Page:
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Removing Stains from Floors

By: Hsin-Yi Cohen BSc, MA, MSt - Updated: 1 Apr 2011 | comments*Discuss
 
Stain Remove Floor Stains Scratches

Despite the number of floor coverings that claim to be stain-resistant, eventual marring by marks and stains is inevitable, whatever type of flooring you choose, whether it is plush carpet or glossy wood, Soft Vinyl or hard natural stone. Provided that the stain or mark is tackled quickly, most can be removed without professional intervention.

Prevention

We all know that prevention is better than cure and this is certainly true when it comes to floor stains. By modifying your usage slightly, you can go a long way towards avoiding nasty stains and marks that may be difficult to remove.

Tips for Protecting Your Floor

  • With hard surface floors, even those designed for heavy traffic, such as Durable Laminate, take care when moving furniture or heavy objects across the floor. Ideally lift rather than slide, even with slick, shiny floors such as vinyl which looks as if sliding would be easier. If the object is really too heavy to be lifted, use a towel or a heavy sock under each leg to reduce damage to the floor.
  • Even durable laminate and vinyl can be gouged, scratched or dented so even if the furniture is immobile, it is a good idea to use felt pads or fabric-covered casters or gliders on any part that comes into contact with the floor.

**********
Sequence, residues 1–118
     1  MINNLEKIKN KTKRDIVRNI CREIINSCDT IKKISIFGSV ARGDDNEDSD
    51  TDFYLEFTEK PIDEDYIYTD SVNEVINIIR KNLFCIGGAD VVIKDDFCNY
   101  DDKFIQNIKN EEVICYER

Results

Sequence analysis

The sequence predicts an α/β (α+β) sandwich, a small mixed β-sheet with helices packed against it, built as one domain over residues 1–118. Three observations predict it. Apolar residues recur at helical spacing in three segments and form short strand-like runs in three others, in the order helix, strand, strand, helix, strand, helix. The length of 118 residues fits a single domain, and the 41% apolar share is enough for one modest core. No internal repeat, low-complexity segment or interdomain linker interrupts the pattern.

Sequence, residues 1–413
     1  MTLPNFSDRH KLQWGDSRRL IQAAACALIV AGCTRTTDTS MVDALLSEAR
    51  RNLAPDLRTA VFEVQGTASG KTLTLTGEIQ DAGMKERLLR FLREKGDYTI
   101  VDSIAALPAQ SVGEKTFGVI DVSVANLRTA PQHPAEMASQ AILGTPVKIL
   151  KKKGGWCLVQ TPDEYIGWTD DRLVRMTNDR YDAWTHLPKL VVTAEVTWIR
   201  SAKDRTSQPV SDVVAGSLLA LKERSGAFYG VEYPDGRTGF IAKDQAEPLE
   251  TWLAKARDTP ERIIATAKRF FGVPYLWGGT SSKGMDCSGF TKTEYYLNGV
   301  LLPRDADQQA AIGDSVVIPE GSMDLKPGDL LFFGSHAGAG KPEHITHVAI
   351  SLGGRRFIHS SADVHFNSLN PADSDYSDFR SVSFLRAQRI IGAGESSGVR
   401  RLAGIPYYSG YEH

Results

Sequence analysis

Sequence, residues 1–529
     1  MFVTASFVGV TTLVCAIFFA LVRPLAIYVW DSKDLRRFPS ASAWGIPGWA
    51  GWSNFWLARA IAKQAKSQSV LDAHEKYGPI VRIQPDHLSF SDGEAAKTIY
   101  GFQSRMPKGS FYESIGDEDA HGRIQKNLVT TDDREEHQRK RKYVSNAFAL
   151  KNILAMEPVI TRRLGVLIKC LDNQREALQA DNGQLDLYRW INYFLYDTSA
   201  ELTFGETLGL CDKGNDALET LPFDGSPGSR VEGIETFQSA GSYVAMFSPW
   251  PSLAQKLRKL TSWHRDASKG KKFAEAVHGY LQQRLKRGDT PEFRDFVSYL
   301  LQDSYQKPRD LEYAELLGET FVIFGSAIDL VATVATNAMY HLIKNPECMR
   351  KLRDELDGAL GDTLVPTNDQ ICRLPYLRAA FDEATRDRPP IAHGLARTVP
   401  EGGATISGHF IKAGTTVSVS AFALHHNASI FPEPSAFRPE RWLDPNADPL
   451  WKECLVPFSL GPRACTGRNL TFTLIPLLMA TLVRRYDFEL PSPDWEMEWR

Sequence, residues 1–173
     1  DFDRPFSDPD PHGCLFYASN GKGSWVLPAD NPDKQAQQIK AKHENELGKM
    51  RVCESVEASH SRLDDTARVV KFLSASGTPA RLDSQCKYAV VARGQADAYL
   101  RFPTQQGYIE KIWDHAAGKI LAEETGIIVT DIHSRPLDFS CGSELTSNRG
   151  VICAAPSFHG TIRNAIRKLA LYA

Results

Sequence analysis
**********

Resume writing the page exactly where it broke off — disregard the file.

• For waxed floors, make sure that you avoid cleaning products that include or require water, always check the label and make sure it is compatible with the kind of wax on your floor surface. Also, never apply wax over a dirty floor.
  • Try to avoid high heels on wood floors, laminate and vinyl if possible and if they have to be worn indoors, make sure that the heels are not worn down to the metal nails as this can seriously scratch the floor surface, particularly hardwood.
  • Entrance mats are always a good idea, not only do they trap dirt and grime and outside moisture, they can also help to prevent unintended scratches from incoming or outgoing traffic, especially in the case of grit being tracked into the house.
  • If you have potted plants, make sure that they are situated in special containers that have ‘legs’ to allow airflow beneath the waterproof saucers, so that water damage and staining are prevented.
Note: entrance mats are a good idea, try to avoid those which have a rubber backing as this may cause yellow discolouration of the floor underneath. Choose instead mats with a natural fibre backing. Similarly, furniture feet made of rubber should be removed or separated from the floor surface by a coaster.

Be especially careful when using spirit-based products such as permanent marker pens, solvents, shoe polish and hair dye. If accidental marking does occur, wipe it off as soon as possible. Similarly for strongly-coloured food products, such as mustard and turmeric and also when using any corrosive substances such as acid or alkaline cleaning solutions. These will quickly damage the surface of the floor so clean up any spills immediately.